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I thought breastfeeding would be easy! After all, women have been doing it forever. Plus I wouldn’t have to worry about bottles! Oh, the joy. Yeah right! Breastfeeding is difficult and pumping is even harder. It’ll take up your whole life. There are so many rules to it and such a strict and ridged schedule to be successful at it. You have to be half-crazy to be successful. And formula? That’s not as easy either. Most babies go through a few or more options before you can find one that they can tolerate. You may have to deal with a lot of spitting up, fussiness, adverse reactions, and so on before you choose the right one for your baby.

6. Losing friends.

blue jeans
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It will happen. Just as you may have had unrealistic expectations about becoming a parent, so will your friends. Some will expect you to be the same way or to still be as available as you were before. Some just don’t like or care for children and will just disappear. Even some with children may pull back if their children are not around the same age as yours. It’s a big adjustment and not all friendships will survive the change.

7. The unsolicited advice.

tilt shift lens photography of woman wearing red sweater and white skirt while holding a boy wearing white and black crew neck shirt and blue denim short
Photo by Nicholas Githiri on Pexels.com

I had no idea how many people would come forward and tell me how to raise my child. It happens to all parents especially new parents. People will not wait for you to ask for advice, they will not say it kindly, they’ll just tell you. Even though some will mean well, it’ll still sting a bit. And some will be super judgmental on your parenting style and choices you make as a parent. Unsolicited advice will come from those closest to you and strangers.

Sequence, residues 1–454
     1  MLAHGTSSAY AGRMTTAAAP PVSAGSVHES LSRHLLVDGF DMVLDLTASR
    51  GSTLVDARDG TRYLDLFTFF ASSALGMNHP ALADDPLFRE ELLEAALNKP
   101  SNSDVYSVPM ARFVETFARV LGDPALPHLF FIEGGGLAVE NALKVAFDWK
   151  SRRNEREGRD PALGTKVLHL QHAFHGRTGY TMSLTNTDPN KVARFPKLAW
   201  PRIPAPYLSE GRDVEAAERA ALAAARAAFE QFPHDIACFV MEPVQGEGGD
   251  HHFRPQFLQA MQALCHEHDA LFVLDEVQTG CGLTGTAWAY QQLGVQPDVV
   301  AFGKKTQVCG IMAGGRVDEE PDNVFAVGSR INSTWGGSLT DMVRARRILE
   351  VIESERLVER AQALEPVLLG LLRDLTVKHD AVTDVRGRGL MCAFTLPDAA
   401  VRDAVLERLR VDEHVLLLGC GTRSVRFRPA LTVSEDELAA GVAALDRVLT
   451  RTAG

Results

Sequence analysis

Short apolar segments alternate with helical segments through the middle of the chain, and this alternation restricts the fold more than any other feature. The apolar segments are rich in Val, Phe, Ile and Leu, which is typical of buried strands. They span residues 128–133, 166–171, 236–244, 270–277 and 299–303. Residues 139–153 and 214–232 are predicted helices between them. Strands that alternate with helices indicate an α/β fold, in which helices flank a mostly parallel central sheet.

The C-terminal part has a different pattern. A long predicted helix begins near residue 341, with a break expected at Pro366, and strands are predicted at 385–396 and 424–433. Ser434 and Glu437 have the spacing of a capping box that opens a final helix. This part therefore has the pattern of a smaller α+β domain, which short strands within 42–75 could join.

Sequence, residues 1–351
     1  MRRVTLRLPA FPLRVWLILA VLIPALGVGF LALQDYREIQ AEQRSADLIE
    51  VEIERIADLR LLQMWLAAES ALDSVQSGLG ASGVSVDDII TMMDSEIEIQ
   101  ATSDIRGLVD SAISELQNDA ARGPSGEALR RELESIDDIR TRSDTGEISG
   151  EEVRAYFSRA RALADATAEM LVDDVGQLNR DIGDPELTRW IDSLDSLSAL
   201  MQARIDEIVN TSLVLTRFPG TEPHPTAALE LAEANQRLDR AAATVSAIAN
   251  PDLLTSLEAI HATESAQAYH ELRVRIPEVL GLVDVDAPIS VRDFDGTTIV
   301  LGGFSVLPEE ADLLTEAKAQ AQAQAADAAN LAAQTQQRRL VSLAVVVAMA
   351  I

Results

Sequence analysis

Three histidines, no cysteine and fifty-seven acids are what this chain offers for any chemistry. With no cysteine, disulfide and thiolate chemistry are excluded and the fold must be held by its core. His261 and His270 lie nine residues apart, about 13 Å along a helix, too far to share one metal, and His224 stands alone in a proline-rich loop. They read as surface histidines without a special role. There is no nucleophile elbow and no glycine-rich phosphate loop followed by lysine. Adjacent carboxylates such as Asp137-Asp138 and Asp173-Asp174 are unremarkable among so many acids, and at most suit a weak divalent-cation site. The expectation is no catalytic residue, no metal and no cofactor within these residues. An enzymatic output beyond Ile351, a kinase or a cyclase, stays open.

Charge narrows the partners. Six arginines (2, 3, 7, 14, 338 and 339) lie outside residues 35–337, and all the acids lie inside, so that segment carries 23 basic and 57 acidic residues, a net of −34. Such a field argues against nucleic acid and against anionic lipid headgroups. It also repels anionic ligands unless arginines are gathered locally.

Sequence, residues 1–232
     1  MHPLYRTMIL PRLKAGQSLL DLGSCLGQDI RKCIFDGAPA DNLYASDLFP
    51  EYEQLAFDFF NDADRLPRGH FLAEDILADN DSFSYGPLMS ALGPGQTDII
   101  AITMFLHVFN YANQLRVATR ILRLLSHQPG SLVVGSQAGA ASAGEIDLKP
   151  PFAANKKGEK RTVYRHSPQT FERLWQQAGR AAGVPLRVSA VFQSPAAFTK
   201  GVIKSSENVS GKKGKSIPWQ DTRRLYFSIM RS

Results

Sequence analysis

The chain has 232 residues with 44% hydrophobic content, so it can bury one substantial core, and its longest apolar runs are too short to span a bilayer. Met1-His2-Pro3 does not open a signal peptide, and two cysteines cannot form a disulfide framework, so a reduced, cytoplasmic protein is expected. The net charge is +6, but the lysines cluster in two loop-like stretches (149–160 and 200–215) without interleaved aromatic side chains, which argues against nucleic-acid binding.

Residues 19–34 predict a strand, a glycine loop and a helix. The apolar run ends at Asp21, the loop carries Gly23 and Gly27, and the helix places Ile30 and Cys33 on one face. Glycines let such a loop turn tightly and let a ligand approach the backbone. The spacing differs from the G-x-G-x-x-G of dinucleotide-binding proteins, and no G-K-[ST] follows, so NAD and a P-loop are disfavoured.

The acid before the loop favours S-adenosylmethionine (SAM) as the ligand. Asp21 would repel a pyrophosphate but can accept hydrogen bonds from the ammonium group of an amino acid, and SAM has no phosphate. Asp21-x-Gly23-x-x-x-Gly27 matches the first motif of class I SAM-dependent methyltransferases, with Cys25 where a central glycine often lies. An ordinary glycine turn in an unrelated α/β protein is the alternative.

8. Mom guilt.

adult alone anxious black and white
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Even if you do everything right, you’ll think you can do better. You’ll put yourself last. You’ll feel guilty for not enjoying every minute of parenting. It’s so hard to find this magical “balance” every one talks about especially in the beginning. I know I was overwhelmed, depressed, and anxious during that first year especially. And I felt so guilty for missing my old life—sleeping in, doing what I wanted, and just being myself. Now I know it was just mom-guilt and I was worried about not being perfect.

9. The constant worrying.

photo of woman covering her face
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I wasn’t prepared for how much I would worry as a mom. I’d wonder if my daughter was drinking enough or getting enough milk, if she was happy, if she was meeting all of her milestones on time. Sometimes they’ll cry and you won’t be able to figure out why or they’ll be fussy or have trouble sleeping. You’ll drive yourself crazy thinking you’re doing something wrong when in fact you’re probably not.

10. The sudden adjustment.

close up of mother and daughter
Photo by J carter on Pexels.com

Being pregnant slowly progresses. Over 9 months your body changes and you have some time to adjust, at least that’s how I felt. Even if it’s a difficult pregnancy, it’s not something that happens overnight. It’s a process. But you literally become a parent instantly. You prepare for this moment but there are always things you wished you knew or did differently. That adjustment period is wild. You’ll laugh, you’ll cry, you’ll laugh and cry all at once, you’ll question your life, you’ll be the happiest and the saddest all at once. It’ll be the best of times and the worst of times. Don’t let the happy pictures on social media fool you, adjusting to being a parent is something I can’t fully explain. You’re entire life changes in an instant.

What else would you add to the list?